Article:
This article is reposted here courtesy of MinterEllisonRuddWatts.
The Supreme Court last Thursday released its long awaited decision on directors duties engaged on a company’s insolvency – Debut Homes Limited (in liquidation) v Cooper  NZSC 100. The decision has profound implications for directors confronted with a business experiencing material financial distress and more broadly, for creditors, lenders and the insolvency profession.
This is the first time these issues have come before our highest court, and its decision is significant. In a in which directors have grappled with existential challenges to their businesses, and with the decision of the Court of Appeal pending in Mainzeal, the Supreme Court has raised the stakes for directors operating financially distressed companies. Increased recourse to formal insolvency and restructuring processes seems inevitable.
Article copied with permission from Kensington Swan.
The Primary Production Select Committee has reported back to the house on the Farm Debt Mediation Bill (No 2). The select committee has unanimously recommended that the Bill be passed by the House with some amendments to the original bill. The Bill will require secured lenders, as a prerequisite to taking any enforcement action, to offer mediation to a farmer and participate in the process in good faith. Farmers who are in financial trouble will also be able to initiate mediation regardless of whether a default has occurred.
Political efforts to change insolvency law are taking inspiration from Australia.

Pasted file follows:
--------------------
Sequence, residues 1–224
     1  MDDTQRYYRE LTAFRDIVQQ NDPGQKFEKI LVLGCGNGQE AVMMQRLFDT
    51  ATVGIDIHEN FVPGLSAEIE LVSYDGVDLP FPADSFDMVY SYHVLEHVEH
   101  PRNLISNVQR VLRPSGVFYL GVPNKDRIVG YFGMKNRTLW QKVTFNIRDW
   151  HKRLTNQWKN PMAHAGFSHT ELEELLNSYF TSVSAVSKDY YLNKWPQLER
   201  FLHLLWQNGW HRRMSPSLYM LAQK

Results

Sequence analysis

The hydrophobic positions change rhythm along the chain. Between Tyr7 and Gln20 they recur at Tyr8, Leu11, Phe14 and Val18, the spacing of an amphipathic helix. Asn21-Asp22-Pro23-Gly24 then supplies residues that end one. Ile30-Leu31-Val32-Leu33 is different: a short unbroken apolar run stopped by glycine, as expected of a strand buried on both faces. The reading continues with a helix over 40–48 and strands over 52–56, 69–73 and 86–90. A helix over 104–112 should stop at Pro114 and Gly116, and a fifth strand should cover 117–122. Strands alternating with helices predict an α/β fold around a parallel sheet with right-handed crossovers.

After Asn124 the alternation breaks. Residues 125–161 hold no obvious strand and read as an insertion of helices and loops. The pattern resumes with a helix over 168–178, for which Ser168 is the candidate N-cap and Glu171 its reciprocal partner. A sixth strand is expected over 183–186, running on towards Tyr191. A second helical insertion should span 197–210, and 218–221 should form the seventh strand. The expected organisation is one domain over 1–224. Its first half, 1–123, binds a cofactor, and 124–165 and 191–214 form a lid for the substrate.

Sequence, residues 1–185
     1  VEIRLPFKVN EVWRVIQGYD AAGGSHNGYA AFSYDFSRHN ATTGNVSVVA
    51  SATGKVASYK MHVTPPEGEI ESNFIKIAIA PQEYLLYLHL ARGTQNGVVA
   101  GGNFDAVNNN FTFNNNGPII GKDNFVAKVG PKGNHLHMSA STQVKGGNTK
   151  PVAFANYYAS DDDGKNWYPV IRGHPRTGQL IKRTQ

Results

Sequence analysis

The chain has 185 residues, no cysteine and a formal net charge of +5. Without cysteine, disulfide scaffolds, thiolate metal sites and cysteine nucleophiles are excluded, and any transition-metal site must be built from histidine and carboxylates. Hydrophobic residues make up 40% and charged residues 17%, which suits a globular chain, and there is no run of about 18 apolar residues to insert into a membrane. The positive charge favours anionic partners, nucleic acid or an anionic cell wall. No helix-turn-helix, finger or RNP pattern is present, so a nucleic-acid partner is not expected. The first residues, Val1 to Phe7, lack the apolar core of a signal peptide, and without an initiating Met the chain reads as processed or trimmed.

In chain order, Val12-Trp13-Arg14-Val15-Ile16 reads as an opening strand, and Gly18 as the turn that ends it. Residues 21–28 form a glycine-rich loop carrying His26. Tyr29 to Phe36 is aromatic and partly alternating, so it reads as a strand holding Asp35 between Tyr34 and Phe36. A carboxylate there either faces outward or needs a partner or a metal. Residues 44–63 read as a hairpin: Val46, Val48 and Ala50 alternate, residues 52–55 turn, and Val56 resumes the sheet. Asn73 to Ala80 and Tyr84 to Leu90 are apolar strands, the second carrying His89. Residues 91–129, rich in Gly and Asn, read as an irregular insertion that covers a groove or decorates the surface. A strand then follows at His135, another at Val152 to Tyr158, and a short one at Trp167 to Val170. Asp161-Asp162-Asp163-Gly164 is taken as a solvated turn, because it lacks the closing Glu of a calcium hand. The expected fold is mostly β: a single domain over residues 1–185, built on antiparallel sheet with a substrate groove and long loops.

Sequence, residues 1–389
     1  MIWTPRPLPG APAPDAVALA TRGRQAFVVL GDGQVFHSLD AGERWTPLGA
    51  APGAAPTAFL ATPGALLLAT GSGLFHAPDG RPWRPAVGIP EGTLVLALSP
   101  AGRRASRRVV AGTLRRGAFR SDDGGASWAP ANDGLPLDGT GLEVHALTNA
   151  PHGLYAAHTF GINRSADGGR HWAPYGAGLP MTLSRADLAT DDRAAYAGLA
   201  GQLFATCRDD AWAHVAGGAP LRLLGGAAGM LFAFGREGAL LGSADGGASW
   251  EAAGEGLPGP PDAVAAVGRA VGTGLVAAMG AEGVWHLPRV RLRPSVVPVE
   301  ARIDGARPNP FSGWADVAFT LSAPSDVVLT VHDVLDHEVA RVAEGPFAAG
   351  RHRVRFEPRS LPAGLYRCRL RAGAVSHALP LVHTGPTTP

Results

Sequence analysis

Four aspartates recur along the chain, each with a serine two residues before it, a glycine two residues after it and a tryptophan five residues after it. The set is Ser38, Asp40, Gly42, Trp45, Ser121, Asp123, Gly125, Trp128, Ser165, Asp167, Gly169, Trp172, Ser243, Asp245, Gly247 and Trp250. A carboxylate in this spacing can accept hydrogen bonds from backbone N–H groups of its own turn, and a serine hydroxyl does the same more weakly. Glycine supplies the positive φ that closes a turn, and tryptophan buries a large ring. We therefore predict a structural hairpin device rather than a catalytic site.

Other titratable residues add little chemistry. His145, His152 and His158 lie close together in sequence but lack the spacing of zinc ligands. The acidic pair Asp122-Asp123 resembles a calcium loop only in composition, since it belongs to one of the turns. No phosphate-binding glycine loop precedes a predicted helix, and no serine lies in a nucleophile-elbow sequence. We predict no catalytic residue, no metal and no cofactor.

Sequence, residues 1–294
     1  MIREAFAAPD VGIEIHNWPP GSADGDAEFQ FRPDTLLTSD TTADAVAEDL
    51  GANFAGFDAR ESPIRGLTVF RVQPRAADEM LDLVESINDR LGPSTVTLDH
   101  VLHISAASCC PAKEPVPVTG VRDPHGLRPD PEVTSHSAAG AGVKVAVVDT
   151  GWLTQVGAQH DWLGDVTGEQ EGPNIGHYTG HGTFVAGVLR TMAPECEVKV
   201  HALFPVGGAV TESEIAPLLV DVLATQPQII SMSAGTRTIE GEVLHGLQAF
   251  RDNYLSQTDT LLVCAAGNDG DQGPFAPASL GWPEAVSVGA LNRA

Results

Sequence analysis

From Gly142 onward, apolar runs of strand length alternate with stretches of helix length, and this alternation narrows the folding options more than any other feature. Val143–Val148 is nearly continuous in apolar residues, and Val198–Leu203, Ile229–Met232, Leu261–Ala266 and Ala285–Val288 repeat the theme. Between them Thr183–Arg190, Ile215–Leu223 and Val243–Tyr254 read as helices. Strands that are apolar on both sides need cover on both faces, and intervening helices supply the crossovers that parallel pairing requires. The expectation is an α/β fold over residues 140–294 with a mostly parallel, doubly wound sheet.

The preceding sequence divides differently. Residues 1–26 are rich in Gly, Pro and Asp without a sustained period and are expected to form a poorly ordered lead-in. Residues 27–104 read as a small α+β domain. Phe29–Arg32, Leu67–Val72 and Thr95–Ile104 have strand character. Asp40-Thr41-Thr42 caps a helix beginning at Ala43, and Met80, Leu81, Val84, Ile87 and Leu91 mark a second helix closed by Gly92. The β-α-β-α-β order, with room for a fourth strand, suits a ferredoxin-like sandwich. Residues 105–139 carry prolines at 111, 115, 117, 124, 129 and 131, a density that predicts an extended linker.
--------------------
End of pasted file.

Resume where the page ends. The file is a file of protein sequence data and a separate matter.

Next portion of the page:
Labour MP Raymond Huo is consulting with the private sector about a bill that would allow private sector insolvency practitioners to take the place of government-employed official assignees, inviting the private sector into a role that has previously been monopolised by the government.
The new rules for insolvency practitioners which passed earlier this month will “level the playing field” in the sector and help screen for fee-chasing cowboys, according to the Restructuring Insolvency and Turnaround Association of New Zealand (RITANZ).
The Restructuring Insolvency and Turnaround Association of New Zealand (RITANZ) has welcomed news that the Insolvency Practitioners Bill has passed into law on Wednesday, almost a decade after it was first introduced into Parliament.
Members who attended the RITANZ Annual Conference in Auckland this year will have enjoyed a fascinating session on the Lehman collapse and a retrospective look at the causes of this and whether anything has positively changed in our approach to cross border insolvency.
The NBR attended this session and have produced the following article flowing from that discussion:
Members who attended the RITANZ Annual Conference in Auckland this year may recall Steve Flynn’s presentation strongly questioning the outcome in the Western Australian case of Hamersley v Forge, which involved the important issue of the inter-relationship between insolvency set off and PPSA. Steve’s subsequent article can be found at (2018) 29 JBFLP 175.
The Western Australian Court of Appeal has now overturned the lower court decision – a succinct case note on the appeal can be found at: